Are numbers tools invented through trial and success? Are they mental artifacts? They may represent generalized concepts based on an epiphany similar to a religious experience, but their interpretation depends on learned behavior experiences. They remain without substance or reality, imposing constraints on measurements of values perceived as reality which influence behavior. Belief in the functions of mathematics is the same process as belief religious dogma.
The difference is whether or not the believer becomse convinced of the reality of his belief system, or is open to the uncertainty of inadequate information.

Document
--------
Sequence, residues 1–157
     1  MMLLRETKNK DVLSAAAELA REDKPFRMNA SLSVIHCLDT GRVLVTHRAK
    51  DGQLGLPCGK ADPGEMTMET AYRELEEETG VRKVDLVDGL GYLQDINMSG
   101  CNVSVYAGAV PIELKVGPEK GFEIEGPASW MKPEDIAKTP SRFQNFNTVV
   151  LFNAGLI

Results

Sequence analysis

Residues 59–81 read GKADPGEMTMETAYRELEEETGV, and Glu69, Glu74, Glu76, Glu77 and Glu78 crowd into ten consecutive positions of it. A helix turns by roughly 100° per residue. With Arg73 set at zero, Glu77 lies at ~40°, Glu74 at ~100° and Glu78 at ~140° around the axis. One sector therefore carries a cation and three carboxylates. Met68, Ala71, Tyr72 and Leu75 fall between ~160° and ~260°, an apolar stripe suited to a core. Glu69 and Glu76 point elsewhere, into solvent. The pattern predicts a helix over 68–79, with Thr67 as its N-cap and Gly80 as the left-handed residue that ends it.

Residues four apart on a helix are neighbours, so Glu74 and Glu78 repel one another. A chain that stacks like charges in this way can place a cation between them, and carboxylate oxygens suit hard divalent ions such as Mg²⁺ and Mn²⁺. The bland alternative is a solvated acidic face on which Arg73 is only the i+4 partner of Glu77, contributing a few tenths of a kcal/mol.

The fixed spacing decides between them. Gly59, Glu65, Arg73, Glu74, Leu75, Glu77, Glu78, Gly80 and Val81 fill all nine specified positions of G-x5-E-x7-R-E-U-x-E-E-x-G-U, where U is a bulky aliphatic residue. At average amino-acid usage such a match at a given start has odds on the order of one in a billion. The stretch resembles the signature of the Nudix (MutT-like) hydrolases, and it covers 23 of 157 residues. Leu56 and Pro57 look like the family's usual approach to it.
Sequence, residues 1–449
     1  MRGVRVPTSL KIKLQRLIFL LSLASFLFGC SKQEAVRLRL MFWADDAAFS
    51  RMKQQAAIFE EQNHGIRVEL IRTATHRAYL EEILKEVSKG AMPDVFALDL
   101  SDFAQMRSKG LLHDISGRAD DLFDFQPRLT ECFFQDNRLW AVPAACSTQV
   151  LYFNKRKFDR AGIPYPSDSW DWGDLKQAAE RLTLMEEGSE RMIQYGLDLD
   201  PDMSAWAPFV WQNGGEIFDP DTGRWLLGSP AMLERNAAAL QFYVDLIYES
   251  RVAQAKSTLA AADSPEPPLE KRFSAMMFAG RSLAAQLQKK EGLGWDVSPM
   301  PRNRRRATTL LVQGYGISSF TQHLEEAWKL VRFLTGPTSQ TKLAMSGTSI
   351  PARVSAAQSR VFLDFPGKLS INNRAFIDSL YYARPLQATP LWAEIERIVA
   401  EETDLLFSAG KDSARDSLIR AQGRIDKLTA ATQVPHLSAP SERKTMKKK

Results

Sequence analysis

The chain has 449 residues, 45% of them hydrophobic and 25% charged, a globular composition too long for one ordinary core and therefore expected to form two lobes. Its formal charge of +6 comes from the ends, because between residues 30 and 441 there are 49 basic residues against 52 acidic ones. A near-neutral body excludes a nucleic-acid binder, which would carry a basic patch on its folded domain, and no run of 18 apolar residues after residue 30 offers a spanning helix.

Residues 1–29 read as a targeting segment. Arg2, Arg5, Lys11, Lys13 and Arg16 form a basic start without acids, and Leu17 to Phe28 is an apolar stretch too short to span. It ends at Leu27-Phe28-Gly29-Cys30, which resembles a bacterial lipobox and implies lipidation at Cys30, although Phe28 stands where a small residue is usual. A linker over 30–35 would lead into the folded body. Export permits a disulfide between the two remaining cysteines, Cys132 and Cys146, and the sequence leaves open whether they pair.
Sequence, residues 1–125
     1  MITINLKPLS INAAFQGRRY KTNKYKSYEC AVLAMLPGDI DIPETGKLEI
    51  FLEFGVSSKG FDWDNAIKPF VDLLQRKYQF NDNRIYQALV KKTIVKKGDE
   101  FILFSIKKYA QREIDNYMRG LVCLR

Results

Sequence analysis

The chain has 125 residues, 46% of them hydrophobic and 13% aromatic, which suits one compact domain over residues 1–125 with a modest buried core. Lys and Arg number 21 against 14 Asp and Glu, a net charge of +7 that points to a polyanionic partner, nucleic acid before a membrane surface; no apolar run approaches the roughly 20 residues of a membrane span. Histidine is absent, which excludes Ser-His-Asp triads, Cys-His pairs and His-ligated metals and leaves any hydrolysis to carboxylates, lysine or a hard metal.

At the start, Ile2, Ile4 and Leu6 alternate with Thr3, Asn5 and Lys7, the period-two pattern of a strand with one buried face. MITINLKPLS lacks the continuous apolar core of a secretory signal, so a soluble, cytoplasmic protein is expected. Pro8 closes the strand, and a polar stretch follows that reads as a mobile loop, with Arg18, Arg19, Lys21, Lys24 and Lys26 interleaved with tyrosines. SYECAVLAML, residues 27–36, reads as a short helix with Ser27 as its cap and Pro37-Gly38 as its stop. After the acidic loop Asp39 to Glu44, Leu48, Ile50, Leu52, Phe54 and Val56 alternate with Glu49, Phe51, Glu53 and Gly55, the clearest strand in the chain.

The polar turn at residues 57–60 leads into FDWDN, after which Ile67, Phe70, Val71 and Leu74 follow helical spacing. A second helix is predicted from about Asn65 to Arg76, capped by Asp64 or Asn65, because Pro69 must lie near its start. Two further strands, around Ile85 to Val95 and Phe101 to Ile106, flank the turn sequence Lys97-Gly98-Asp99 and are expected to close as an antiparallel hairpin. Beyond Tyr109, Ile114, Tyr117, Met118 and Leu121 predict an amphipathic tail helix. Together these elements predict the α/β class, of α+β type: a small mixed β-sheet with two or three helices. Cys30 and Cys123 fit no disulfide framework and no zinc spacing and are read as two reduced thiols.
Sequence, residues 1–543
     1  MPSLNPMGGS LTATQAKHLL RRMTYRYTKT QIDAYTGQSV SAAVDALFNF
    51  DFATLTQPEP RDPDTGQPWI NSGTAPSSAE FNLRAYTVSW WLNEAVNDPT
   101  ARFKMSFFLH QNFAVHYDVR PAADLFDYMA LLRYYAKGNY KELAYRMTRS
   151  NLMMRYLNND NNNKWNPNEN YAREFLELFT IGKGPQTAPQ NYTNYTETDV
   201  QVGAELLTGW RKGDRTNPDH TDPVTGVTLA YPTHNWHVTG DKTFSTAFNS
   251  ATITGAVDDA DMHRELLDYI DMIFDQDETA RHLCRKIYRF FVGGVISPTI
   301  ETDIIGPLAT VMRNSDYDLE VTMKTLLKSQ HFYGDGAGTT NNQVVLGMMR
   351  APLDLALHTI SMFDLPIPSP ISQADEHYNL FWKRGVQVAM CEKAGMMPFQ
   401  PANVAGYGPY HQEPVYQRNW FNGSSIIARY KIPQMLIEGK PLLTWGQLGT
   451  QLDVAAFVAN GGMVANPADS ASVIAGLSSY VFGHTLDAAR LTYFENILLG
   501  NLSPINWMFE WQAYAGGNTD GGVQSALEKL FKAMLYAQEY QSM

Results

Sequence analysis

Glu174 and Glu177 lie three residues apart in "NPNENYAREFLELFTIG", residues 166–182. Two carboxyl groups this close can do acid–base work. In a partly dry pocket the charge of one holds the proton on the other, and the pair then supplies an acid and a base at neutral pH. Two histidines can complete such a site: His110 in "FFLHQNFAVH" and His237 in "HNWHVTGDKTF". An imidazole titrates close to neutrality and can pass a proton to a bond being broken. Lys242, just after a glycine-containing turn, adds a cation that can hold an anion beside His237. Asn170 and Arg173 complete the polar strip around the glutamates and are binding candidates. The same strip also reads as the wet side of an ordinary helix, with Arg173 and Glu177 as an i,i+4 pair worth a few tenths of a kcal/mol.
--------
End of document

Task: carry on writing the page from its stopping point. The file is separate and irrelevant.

posted by Morton Kurzweil
April 19, 2010
About once a month at Sigma Xi headquarters, we liven up the lunch hour with an American Scientist Pizza Lunch talk. In these informal lectures, scientists describe new research to nonscientists. The series is light on jargon but heavy on solid science. Each Pizza Lunch offers an in-depth look at its subject, whether it's bedbugs or the smart grid. Click below to read about and download these talks -- and to subscribe!
JSTOR, the online academic archive, now contains complete back issues of American Scientist from its inception in 1913 (as Sigma Xi Quarterly) through 2005.
The table of contents for each issue is freely available to all users; those with institutional access can read each complete issue.
View the full collection here.